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Thu, 3 December 2020

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The Brewing Industry Has Lashed Out At The Government's "Ludicrous And Unjustified” Ban On Pubs Selling Takeaway Alcohol During The Lockdown

The Brewing Industry Has Lashed Out At The Government's 'Ludicrous And Unjustified” Ban On Pubs Selling Takeaway Alcohol During The Lockdown

Pubs will no longer be able to serve takeaway drinks during the second national lockdown (PA)

5 min read

The decision to ban pubs and bars from selling takeaway pints in the second lockdown has been described as “ludicrous and unjustified” by the brewing industry.

Many hospitality businesses relied on the ability to serve alcohol for drinking off-premise when they were forced to close during the first national lockdown in the spring.

But in the guidance published following Boris Johnson’s announcement on Saturday that England would be facing tough new measures it was explicitly banned.

Camra's chief executive Tom Stainer said takeaway alcohol was a "lifeline" for many pubs in the first lockdown, and said it was a "baffling and damaging decision" to remove the option, that would likely lead to early closures.

However, the government says it is stopping pubs from serving takeaway pints as a way of limiting people’s social contact to try and keep the infection rate down.

The Prime Minister's official spokesman said: “The way to get the R rate down and to bring the virus under control is to reduce the level of social contact which people are having.”

Pushed on the fact people are also going to be near each other when they buy alcohol in a supermarket, he said: “I think what we’re seeking to do is to reduce the number of gatherings that might take place, in which there could be social contact, which might lead to transmission of the virus.”

After this story was published, the government revealed that alcohol sales could be made by pubs and restaurants if they were preordered and the customer did not enter the premises.

The Society of Independent Brewers (SIBA) said they were working with government “to understand why and how this has been brought in”, adding the Business and Planning Act 2020 - passed at the start of the pandemic - modified premises licences to authorise “off-sales” until 30 September 2021.

Its chief executive James Calder told PoliticsHome: "This was and remains a vital source of revenue. To take this away now, with no explanation forthcoming is ludicrous and unjustified.”

A pub industry source said the measure was placed into the new guidance "without wider consultation across government".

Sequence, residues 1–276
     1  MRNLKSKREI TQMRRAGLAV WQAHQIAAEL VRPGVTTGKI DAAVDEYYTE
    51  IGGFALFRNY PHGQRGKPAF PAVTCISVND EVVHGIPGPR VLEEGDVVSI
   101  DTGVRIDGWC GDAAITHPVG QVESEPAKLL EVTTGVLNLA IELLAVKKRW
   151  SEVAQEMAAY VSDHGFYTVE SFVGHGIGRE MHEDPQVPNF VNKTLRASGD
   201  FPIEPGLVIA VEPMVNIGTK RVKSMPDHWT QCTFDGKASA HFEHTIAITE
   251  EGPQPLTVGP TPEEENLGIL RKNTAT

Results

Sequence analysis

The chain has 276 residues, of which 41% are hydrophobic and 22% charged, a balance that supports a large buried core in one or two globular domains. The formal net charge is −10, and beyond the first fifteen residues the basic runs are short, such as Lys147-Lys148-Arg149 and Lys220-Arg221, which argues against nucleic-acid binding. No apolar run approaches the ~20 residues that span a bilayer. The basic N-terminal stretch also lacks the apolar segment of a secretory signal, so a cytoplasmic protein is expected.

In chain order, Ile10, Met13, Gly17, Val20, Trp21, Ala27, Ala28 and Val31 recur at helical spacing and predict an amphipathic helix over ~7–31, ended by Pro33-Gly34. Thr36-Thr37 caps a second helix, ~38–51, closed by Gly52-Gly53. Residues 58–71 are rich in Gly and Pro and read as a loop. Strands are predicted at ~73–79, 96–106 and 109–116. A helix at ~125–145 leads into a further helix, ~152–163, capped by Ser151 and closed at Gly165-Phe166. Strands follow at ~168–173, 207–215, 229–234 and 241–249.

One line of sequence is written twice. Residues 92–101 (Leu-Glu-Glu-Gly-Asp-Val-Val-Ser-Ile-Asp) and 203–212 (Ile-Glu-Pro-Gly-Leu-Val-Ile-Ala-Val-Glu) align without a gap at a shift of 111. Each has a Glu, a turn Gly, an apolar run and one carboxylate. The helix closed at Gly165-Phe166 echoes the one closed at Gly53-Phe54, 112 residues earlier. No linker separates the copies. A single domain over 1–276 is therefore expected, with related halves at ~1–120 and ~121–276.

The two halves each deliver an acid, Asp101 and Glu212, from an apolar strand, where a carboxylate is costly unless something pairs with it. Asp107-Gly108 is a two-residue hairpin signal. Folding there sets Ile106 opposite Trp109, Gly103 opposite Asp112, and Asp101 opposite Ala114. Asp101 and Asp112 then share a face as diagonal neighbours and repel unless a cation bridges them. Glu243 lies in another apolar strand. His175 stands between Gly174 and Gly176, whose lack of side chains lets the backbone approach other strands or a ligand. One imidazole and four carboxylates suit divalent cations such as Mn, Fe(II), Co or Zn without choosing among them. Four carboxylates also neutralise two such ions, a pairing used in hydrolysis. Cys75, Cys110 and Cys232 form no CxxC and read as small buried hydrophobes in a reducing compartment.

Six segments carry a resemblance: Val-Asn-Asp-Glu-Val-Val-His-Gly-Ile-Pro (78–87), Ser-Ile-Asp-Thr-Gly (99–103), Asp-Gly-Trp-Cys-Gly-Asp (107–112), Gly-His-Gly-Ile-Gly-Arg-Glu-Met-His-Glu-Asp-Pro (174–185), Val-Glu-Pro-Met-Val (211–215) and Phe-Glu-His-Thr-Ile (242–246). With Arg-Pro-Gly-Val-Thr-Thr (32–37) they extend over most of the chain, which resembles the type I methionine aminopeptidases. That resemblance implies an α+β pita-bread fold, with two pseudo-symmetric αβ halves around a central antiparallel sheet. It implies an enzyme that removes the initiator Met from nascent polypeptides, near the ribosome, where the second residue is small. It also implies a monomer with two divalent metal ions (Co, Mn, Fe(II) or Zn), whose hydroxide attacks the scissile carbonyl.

The guidance simply says that from Thursday: “Hospitality venues like restaurants, bars and pubs must close, but can still provide takeaway and delivery services. However, takeaway of alcohol will not be allowed.”

SIBA are also calling for an extension of financial support fo the hospitality industry, warning its members would face "a nightmare before Christmas”.

The furlough scheme is being renewed for the course of the new lockdown, and will rsee the government reverting to paying 80% of workers’ wages.

But the Campaign for Real Ale say “it does not go far enough”, with national chairman Nik Antona saying: “A second lockdown is a devastating blow for an industry that is currently on its knees. 

“Pubs have already invested thousands to reopen COVID-safe environments despite facing seriously reduced incomes. Simply put, the new lockdown couldn’t come at a worse time.”

He added: “The government must introduce a robust support package for all pubs and breweries - regardless of their current rateable value. While an extension to the furlough scheme is welcomed, it does not go far enough. 

“We need more details of how much support will be offered along with a clear roadmap out of lockdown to ensure local jobs and businesses are not lost forever.”

Emma McClarkin, chief executive of the British Beer and Pub Association warned “this could be the final straw for thousands of pubs and brewers”.

She added: "The level of financial support will need to be same, if not greater, than that provided for the first lockdown earlier this year. This means grants for all pubs sufficient to cover ongoing fixed costs, and compensation grants for Britain’s brewers who will also be permanently devastated by the lockdown.”

UK Hospitality chief executive Kate Nicholls echoed that message, saying: “The costs to hospitality businesses of a second lockdown will be even heavier than the first, coming after periods of forced closure, the accumulation of mass debt and then significantly lower trading due to the restrictions of recent weeks. 

“The sector was hit hardest and first, and this recent shutdown will hurt for months and years to come. The extension of furlough for a further month does help to protect our workforce during this difficult time.

“If hospitality, the sector that is our country’s third largest employer, is to survive and help drive economic recovery, it will need equivalent – or more – support than that of the first lockdown.”

A government spokesperson said: “We recognise these are extremely challenging circumstances facing pubs and the hospitality industry. We have put in place one of the most comprehensive packages of business support in the world, which includes grants worth more than £3,000 per month for business premises that are forced to close, as well as the extended furlough scheme in response to tougher national restrictions.”

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